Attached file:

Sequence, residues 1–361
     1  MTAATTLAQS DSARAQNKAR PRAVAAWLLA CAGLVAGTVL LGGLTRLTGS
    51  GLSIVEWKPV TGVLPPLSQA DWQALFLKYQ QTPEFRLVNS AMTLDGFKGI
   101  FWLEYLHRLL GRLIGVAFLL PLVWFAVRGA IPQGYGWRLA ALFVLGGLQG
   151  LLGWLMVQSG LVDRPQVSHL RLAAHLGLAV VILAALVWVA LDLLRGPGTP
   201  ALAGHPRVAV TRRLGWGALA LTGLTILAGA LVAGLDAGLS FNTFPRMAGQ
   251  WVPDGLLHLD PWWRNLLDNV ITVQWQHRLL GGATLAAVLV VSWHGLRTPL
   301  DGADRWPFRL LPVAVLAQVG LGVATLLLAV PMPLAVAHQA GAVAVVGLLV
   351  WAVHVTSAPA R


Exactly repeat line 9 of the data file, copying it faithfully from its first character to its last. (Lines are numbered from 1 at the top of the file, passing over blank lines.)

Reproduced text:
   351  WAVHVTSAPA R